LIV Golf is primed to announce that it is heeding the advice of the R&A and will take the Saudi-funded circuit to eight different countries in its first season as a league next year.
Martin Slumbers, the R&A chief executive, has recently made no secret of his disdain for Greg Norman’s enterprise, declaring at last month’s Open championship that it is “harming the perception of golf” and making a thinly-veiled threat to make it more difficult for the rebels to qualify for the British major.
However, Norman, the chief executive, has claimed that this is an about-turn to Slumbers’ reaction when the LIV schedule was first shown to him last year. “It was before I had signed up, but the guys who were involved in a meeting with Martin earlier in 2021 say they showed him the plans for a 14-event league and asked for his thoughts,” Norman told Telegraph Sport.
“There were 10 events in the US and four in other countries. All he said was that he would make it seven and seven. Apparently, he didn’t state any opposition then. So what’s changed?”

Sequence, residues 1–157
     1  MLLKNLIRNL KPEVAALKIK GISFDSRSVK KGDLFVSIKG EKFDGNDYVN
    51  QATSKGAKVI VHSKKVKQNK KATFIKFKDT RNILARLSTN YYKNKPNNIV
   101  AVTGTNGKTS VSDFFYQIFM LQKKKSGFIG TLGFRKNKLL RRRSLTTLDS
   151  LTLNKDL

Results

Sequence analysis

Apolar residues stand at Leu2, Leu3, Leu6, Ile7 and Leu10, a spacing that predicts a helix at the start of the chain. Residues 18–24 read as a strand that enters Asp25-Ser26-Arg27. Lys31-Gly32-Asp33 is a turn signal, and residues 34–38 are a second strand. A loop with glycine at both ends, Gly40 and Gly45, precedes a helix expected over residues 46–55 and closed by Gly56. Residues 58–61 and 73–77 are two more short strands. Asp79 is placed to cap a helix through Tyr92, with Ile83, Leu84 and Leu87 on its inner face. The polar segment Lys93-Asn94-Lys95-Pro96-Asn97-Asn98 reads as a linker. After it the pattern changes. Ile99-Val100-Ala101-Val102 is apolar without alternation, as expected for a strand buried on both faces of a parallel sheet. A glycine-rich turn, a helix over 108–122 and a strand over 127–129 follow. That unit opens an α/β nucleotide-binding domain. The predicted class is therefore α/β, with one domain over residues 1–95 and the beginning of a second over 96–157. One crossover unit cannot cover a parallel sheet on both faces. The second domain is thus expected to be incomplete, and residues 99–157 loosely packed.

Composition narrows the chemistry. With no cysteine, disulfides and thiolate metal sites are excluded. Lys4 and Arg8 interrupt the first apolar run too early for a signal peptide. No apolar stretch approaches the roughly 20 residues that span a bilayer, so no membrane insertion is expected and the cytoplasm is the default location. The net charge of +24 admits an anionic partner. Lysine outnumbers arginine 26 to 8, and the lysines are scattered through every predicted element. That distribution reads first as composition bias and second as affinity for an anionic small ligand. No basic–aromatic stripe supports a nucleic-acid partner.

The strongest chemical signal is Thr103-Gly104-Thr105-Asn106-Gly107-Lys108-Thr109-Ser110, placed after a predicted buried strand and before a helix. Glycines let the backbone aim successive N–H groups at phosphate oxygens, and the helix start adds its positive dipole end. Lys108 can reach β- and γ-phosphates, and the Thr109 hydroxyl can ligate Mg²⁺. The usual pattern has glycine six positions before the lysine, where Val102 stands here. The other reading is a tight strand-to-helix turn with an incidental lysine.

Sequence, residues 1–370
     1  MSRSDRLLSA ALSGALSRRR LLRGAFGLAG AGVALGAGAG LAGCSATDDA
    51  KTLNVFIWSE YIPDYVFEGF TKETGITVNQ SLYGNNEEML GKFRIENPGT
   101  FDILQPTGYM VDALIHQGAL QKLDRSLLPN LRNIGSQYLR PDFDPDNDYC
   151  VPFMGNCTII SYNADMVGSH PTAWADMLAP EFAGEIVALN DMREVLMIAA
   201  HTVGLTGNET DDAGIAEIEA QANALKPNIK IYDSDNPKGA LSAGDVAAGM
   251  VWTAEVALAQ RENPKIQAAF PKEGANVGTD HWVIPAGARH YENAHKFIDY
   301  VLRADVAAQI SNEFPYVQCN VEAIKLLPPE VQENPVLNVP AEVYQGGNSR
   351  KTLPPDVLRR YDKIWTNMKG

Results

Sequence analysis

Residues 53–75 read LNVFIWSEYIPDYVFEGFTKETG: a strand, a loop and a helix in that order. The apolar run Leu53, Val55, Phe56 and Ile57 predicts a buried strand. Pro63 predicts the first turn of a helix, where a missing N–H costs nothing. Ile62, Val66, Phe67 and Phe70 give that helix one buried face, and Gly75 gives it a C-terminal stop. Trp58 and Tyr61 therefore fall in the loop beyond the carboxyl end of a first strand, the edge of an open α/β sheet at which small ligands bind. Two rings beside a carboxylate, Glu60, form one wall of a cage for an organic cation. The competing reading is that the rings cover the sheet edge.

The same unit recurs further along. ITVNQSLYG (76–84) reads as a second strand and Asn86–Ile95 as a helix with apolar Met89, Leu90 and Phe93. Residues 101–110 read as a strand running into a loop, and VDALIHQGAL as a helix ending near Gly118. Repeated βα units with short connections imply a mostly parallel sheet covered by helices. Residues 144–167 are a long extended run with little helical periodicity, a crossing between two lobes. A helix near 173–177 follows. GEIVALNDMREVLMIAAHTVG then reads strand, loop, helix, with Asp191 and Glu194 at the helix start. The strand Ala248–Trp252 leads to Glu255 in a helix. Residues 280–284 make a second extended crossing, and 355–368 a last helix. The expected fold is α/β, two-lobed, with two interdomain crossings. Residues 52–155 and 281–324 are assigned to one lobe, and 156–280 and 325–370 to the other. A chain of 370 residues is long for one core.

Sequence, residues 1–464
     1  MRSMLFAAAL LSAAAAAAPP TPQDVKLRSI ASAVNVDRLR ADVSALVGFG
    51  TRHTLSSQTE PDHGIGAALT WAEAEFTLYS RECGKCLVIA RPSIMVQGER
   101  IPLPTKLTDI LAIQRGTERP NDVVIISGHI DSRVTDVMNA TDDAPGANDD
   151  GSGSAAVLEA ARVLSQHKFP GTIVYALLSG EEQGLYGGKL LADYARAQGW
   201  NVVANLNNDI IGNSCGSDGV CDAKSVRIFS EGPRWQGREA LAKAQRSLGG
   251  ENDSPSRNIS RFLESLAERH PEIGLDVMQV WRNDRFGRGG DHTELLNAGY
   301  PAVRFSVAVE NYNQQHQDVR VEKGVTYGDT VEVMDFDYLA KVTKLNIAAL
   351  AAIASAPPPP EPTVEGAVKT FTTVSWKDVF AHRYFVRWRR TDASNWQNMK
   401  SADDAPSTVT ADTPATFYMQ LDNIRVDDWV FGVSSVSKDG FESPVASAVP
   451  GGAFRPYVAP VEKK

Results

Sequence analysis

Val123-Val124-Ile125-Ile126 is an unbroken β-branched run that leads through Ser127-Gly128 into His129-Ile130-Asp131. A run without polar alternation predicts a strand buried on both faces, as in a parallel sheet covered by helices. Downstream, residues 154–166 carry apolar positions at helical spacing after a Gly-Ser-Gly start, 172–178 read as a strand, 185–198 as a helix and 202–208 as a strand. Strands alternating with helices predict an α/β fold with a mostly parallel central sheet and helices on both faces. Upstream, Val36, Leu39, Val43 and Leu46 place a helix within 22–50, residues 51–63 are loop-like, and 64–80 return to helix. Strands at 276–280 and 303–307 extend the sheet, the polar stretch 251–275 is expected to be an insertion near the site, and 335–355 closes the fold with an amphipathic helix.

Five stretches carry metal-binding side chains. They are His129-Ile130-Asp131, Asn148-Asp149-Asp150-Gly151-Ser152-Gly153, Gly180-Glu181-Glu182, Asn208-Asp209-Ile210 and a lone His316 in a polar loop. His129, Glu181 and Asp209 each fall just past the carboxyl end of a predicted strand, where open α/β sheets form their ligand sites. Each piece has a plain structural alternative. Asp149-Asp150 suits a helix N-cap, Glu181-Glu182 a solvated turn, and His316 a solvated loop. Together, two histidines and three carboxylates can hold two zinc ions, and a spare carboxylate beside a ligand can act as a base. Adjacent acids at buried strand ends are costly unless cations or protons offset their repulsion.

LIV is now ready to act on Slumbers’ guidance – and is also set to credit the supremo at the St Andrews governing body as well – and play half of the £335 million, 48-man, 12-team league in the States – with the remainder being hosted in other countries.
Telegraph Sport believes that this will include venues in Australia, Spain, Mexico and Singapore, as well as in England, Thailand and, naturally Saudi Arabia, with the last three nations staging £20m LIV events this year. Ireland is also being considered, meaning that there could even be more tournaments away from America, as Norman seeks to present it as a genuinely global tour.
However, pressure is being put on potential venues, with reports the R&A has warned Sentosa Golf Club in Singapore that it would be “shunned by the rest of the golf world” if it became a LIV course. The R&A has declined to comment.
This comes after it was claimed in the antitrust court action taken by 11 LIV players against the PGA Tour, that at the Masters in April, Augusta National officials “threatened to disinvite [sic] players from The Masters if they joined LIV Golf”. Six of the last 12 Masters champions have signed up with the series, with speculation arising that at least two more will be announced in the forthcoming months.